However, when the number of documents to search is potentially large or the quantity of search queries to perform is substantial the problem of full text search is often divided into two tasks: indexing and searching. The indexing stage will scan the text of all the documents and build a list of search terms, often called an index, but more correctly named a concordance. In the search stage, when performing a specific query, only the index is referenced rather than the text of the original documents.
The indexer will make an entry in the index for each term or word found in a document and possibly its relative position within the document. Usually the indexer will ignore stop words, such as the English "the", which are both too common and carry too little meaning to be useful for searching. Some indexers also employ language-specific stemming on the words being indexed, so for example any of the words "drives", "drove", or "driven" will be recorded in the index under a single concept word "drive".
Due to the ambiguities of natural language, a full text search typically produces a retrieval list that has low precision: most of the items retrieved are irrelevant. Controlled-vocabulary searching solves this problem by tagging the documents in such a way that the ambiguities are eliminated. However, a controlled vocabulary search may have low recall: it may fail to retrieve some documents that are actually relevant to the search question. Despite the presence of many irrelevant documents in a free text search's retrieval list, a free text search may be able to locate a document that a controlled vocabulary search failed to retrieve.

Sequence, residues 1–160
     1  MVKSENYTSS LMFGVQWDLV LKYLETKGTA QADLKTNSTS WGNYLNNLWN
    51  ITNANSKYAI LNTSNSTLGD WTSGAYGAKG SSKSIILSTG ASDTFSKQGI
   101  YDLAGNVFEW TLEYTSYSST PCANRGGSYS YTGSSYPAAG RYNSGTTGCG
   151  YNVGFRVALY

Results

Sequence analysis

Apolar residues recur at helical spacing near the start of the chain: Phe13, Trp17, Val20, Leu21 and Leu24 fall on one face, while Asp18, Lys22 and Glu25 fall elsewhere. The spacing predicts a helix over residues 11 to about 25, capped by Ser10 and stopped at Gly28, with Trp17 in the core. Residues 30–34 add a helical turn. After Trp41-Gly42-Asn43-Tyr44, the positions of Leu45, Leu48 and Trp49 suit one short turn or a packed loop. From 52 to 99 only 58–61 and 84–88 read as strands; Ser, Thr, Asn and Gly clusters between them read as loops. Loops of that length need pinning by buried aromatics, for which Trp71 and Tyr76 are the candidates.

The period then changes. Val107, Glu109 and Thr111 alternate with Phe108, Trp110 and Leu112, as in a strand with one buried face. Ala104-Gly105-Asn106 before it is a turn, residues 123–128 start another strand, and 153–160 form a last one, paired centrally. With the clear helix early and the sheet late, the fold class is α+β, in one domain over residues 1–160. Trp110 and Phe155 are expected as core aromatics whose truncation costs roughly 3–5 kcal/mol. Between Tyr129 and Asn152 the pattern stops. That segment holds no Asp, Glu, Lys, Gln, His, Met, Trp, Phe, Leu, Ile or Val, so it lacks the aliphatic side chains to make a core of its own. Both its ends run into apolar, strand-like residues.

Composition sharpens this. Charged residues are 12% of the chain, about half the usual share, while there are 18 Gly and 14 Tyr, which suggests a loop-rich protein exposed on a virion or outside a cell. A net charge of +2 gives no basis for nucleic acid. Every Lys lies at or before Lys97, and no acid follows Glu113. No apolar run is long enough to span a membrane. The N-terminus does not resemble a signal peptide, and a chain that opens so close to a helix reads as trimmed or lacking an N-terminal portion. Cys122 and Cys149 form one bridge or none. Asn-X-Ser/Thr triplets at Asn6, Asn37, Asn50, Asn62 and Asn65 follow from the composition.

Free text searching is likely to retrieve many documents that are not relevant to the intended search question. Such documents are called false positives. The retrieval of irrelevant documents is often caused by the inherent ambiguity of natural language.
Certain clustering techniques based on Bayesian algorithms (similar to spam filter in gmail) can help reduce the false positive errors. So if the search term is "football", these techniques can categorize the document/data universe into say "American football", "corporate football" etc. Depending on the occurrences of words in a document, it can fall into one of the categories or more. These techniques are being extensively deployed in the e-discovery domain.
The deficiencies of free text searching have been addressed in two ways: By providing users with tools that enable them to express their search questions more precisely, and by developing new search algorithms that improve retrieval precision.
Technological advances have greatly improved the performance of free text searching. For example, Google's PageRank algorithm gives more prominence to documents to which other Web pages have linked. This algorithm dramatically improves users' perception of search precision, a fact that explains its popularity among Internet users. See search engine for additional examples.
Wipo Publishes Patent of Hitachi, Emi Omori, Naoki Wakizaka and Kazuyuki Ichikawa for "Path Display Method for Search Term, Search Support Device and Program" (Japanese Inventors)
Jan 30, 2013; GENEVA, Jan. 30 -- Publication No. WO/2013/011563 was published on Jan. 24.Title of the invention: "PATH DISPLAY METHOD FOR...
WIPO PUBLISHES PATENT OF ALIBABA GROUP HOLDING FOR "DETERMINING AND USING SEARCH TERM WEIGHTINGS" (CHINESE INVENTOR)
Dec 26, 2011; GENEVA, Dec. 26 -- Publication No. WO/2011/159361 was published on Dec. 22. Title of the invention: "DETERMINING AND USING SEARCH...